As of 4D v17 R5, you can create a database project. One of the greatest benefits of projects is how easy it makes collaborative work for distributed teams … by storing the source in a source control system in plain text files. Whether you’re a single developer or part of a team, this opens a new world of possibilities.
But what about existing databases? Can they be converted to projects? Yes! This blog post is all about showing you how to do this and making you aware of a few things to know before proceeding.
4D has been a longtime supporter of team development, ever since 4D Server 1.0. The greatest benefit of working together on the same source code, is allowing both team development and team testing. However this can create some disadvantages for distributed teams since they may not be able to work on the same source.
Following a complete rewrite, 4D now supports two ways to work with sources: binary and project. Binary is the 4D we all know and love, with the source in a binary file to allow team development with 4D Server. Project makes it easier for distributed teams to work collaboratively by storing the source in a source control system in plain text files.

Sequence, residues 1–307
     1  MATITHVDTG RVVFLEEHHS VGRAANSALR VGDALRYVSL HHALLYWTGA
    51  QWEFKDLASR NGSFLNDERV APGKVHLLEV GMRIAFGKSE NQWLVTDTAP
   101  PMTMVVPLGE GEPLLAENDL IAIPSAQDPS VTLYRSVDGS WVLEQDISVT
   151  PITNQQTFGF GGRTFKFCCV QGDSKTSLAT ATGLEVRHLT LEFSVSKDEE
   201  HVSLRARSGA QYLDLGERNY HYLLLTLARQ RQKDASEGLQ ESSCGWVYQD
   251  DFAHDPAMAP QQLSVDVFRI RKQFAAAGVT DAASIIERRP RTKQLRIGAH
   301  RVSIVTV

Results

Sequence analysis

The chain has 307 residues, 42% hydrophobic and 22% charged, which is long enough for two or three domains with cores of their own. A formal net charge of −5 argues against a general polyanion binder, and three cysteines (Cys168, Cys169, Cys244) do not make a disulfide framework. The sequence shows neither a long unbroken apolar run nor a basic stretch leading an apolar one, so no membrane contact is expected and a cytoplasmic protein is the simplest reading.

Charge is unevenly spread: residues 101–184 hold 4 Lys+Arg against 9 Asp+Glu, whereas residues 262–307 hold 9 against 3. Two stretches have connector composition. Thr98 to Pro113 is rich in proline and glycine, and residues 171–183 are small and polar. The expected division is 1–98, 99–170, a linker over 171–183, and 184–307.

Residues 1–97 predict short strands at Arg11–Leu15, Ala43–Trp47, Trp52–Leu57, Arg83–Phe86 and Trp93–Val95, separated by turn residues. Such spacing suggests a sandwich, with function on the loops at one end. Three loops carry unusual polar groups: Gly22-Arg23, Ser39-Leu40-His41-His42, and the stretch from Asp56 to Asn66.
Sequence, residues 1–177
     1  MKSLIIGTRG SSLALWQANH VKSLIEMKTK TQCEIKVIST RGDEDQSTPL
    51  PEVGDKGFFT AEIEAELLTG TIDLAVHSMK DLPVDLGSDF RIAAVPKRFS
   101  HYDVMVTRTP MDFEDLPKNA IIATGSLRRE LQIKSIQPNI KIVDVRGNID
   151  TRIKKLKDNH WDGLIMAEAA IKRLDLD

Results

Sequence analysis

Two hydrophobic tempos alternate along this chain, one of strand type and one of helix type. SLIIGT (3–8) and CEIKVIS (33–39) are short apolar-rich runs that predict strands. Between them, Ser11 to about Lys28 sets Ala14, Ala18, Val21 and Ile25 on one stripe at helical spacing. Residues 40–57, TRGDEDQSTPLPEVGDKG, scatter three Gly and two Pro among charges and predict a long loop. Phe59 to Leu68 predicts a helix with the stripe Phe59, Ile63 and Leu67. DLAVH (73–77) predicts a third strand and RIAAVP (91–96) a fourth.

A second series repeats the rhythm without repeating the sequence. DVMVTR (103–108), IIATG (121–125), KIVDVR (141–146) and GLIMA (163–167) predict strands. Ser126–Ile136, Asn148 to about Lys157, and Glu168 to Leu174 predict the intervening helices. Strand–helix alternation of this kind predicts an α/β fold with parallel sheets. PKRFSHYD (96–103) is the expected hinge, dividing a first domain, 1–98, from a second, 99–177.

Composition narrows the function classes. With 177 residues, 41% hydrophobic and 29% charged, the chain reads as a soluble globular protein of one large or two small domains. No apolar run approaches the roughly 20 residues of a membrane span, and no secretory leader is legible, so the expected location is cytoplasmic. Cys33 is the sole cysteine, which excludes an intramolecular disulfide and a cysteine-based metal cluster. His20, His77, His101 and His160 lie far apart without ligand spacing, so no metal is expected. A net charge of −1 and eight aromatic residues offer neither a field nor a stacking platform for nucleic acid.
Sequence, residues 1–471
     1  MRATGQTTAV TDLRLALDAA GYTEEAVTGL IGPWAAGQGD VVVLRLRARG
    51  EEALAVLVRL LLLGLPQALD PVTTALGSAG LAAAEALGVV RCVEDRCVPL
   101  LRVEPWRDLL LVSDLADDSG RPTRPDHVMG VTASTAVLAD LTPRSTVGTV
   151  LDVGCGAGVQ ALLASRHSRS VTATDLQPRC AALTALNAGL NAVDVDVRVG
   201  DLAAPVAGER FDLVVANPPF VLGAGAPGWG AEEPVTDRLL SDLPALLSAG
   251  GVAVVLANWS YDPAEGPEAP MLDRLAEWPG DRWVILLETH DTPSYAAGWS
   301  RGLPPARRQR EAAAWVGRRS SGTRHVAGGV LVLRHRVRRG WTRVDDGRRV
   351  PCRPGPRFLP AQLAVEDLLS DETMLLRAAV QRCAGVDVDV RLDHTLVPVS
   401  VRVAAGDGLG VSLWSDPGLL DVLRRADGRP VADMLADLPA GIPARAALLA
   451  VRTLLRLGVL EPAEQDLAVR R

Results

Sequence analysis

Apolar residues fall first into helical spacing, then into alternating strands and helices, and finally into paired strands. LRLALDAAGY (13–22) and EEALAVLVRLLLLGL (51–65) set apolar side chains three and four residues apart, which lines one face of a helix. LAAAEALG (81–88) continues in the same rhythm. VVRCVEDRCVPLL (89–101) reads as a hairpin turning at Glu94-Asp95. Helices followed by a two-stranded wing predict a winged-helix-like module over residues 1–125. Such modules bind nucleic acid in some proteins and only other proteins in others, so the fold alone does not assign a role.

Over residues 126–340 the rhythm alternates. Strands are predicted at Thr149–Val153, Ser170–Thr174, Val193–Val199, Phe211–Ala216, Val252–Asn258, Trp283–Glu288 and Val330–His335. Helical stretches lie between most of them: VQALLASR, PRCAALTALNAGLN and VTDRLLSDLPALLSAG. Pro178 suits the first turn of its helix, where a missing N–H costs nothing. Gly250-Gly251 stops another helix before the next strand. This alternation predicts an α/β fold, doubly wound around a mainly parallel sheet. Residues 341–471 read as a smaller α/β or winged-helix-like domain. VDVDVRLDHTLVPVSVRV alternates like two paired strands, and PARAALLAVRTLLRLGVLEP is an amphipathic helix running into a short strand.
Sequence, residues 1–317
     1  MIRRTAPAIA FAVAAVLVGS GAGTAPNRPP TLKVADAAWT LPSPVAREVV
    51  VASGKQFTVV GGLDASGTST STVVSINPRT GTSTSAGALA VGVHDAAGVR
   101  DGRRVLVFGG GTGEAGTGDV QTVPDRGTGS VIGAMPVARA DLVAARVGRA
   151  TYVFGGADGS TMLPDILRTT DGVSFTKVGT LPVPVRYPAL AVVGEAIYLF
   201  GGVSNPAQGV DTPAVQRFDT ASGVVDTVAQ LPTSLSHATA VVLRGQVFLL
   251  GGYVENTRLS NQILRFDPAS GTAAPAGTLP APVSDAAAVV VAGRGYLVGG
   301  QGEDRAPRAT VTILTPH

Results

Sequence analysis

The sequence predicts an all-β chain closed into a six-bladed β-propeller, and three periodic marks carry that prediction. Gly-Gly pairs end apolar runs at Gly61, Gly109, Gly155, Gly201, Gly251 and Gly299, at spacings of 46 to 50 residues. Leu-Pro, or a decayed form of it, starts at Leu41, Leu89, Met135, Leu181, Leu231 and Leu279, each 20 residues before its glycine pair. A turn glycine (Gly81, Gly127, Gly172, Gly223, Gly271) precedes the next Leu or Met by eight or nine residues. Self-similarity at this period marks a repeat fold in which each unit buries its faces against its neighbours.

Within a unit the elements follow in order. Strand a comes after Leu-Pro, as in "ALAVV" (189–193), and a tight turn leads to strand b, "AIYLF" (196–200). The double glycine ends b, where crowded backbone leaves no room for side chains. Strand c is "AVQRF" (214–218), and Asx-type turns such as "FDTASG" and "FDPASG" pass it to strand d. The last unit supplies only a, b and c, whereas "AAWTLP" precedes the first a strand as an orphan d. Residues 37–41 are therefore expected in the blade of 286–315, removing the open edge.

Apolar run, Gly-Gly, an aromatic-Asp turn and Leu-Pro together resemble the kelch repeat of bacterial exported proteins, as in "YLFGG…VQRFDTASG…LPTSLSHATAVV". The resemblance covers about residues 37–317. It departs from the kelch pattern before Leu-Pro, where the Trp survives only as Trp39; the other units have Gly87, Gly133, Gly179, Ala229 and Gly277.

In a previous blog post, we announced new data encryption tools for your 4D databases. Now it’s time to get our hands dirty and learn more about these tools which were designed to be as automatic as possible.
A 4D object field is a persistent database field type, stored as binary content. Previously, reading this type of field by an ODBC driver wasn’t possible. Until today.
Before, an error was returned when trying to read an object field. This prevented the completion of simple Select * from myTable requests, which could be frustrating for users who only wanted to browse the content of a table.
Good news! The SQL engine has been updated to allow 4D object fields to be read.
DATA is everywhere. As our lives increasingly move online, the importance of data security also increases. Customer data must be vigilantly guarded against potential threats and breaches. In many cases, using a disk encryption tool (such as Microsoft’s Bitlocker or Apple’s FileVault) provides a sufficient level of protection, but what if your customer or your CSO (Chief Security Officer) requires encryption at the database level – on a per table basis?
During 4D Summit 2018, you asked for a solution to encrypt your data and we’ve delivered. We’re excited to present new data encryption tools for your 4D databases.